Quality Management of Prehospital Airway Programs: An NAEMSP Position Statement and Resource Document

Veer Vithalani, Samuel Sondheim, Angela Cornelius, John Gonzales, Mary P. Mercer, Brooke Burton, Michael Redlener

Research output: Contribution to journalArticlepeer-review

5 Scopus citations


Prehospital airway management encompasses a multitude of complex decision-making processes, techniques, and interventions. Quality management (encompassing quality assurance and quality improvement activities) in EMS is dynamic, evidence-based, and most of all, patient-centric. Long a mainstay of the EMS clinician skillset, airway management deserves specific focus and attention and dedicated quality management processes to ensure the delivery of high-quality clinical care. It is the position of NAEMSP that: All EMS agencies should dedicate sufficient resources to patient-centric, comprehensive prehospital airway quality management program. These quality management programs should consist of prospective, concurrent, and retrospective activities. Quality management programs should be developed and operated with the close involvement of the medical director. Quality improvement and quality assurance efforts should operate in an educational, non-disciplinary, non-punitive, evidence-based medicine culture focused on patient safety. The highest quality of care is only achieved when the quality management program rewards those who identify and seek to prevent errors before they occur. Information evaluated in prehospital airway quality management programs should include both subjective and objective data elements with uniform reporting and operational definitions. EMS systems should regularly measure and report process, outcome, and balancing airway management measures. Quality management activities require large-scale bidirectional information sharing between EMS agencies and receiving facilities. Hospital outcome information should be shared with agencies and the involved EMS clinicians. Findings from quality management programs should be used to guide and develop initial education and continued training. Quality improvement programs must continually undergo evaluation and assessment to identify strengths and shortcomings with a focus on continuous improvement.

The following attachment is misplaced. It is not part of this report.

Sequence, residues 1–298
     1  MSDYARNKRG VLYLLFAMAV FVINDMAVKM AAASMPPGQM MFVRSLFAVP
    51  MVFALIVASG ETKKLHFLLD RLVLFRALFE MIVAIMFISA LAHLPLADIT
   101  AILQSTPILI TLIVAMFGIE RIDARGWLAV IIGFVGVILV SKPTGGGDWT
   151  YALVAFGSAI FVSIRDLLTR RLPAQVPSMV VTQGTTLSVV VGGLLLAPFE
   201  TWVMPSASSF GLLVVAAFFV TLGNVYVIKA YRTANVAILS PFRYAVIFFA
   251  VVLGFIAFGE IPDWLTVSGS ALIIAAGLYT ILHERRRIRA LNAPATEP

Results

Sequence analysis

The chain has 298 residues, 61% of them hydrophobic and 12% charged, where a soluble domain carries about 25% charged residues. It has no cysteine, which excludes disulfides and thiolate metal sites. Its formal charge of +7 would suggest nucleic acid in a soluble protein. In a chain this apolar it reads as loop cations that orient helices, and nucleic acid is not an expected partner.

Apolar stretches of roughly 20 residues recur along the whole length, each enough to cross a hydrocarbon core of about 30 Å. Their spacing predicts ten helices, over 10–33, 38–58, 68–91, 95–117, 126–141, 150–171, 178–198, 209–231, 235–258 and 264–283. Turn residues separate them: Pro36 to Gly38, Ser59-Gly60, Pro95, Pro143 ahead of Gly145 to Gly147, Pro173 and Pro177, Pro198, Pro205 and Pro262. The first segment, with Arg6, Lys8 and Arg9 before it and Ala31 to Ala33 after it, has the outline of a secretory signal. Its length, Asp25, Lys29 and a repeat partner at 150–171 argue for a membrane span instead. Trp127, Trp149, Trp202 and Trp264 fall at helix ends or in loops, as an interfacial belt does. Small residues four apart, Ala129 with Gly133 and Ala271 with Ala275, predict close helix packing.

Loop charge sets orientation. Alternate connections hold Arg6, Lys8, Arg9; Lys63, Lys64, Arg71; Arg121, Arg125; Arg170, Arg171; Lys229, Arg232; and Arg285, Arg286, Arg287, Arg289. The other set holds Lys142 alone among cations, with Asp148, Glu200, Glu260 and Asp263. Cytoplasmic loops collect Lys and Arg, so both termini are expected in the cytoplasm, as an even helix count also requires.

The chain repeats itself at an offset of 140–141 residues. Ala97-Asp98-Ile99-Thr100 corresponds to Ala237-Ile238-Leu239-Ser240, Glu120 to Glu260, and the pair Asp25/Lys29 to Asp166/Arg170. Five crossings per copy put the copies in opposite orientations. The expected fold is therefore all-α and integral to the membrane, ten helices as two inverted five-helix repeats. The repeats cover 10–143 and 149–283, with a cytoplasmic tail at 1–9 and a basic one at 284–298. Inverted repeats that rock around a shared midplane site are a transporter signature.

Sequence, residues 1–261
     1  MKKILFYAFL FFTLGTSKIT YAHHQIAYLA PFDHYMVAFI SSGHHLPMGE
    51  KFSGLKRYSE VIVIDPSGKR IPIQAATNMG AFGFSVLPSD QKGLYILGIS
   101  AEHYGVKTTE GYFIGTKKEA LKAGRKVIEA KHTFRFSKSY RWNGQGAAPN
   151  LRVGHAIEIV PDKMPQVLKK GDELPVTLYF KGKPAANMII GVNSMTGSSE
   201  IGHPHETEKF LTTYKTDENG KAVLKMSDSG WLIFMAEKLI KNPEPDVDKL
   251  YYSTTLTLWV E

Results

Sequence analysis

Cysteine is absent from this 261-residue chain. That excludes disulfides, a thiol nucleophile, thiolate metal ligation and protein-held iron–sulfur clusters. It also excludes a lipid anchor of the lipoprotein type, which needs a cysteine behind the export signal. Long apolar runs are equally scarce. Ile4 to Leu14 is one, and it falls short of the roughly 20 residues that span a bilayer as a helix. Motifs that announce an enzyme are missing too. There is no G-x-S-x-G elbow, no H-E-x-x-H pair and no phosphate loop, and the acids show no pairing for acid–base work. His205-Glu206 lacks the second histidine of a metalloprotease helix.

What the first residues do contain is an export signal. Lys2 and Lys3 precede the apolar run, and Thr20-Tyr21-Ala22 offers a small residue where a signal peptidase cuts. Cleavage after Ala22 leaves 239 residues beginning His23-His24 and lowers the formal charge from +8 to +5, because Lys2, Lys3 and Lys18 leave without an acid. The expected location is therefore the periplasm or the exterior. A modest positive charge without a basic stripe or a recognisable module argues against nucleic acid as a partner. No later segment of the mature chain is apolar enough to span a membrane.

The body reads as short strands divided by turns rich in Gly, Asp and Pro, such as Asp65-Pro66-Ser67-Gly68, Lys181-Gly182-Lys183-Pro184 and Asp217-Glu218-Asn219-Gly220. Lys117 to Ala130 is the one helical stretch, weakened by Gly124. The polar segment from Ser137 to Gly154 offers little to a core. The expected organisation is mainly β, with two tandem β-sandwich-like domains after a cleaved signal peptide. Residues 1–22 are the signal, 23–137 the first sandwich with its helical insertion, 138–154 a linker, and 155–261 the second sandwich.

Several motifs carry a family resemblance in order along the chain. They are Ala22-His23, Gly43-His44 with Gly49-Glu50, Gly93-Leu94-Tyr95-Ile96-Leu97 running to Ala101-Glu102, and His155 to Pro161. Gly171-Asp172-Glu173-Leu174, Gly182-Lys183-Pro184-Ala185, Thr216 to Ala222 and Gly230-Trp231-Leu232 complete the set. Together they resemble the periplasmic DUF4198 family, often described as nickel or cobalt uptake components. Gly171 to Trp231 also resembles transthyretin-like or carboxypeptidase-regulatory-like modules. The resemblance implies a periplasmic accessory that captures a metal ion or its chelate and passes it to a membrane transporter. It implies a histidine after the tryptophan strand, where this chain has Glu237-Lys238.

Original languageEnglish
Pages (from-to)14-22
Number of pages9
JournalPrehospital Emergency Care
Issue numberS1
StatePublished - 2022


  • EMS
  • airway
  • capnography
  • intubation
  • prehospital
  • quality assurance
  • quality improvement
  • quality management
  • ventilation


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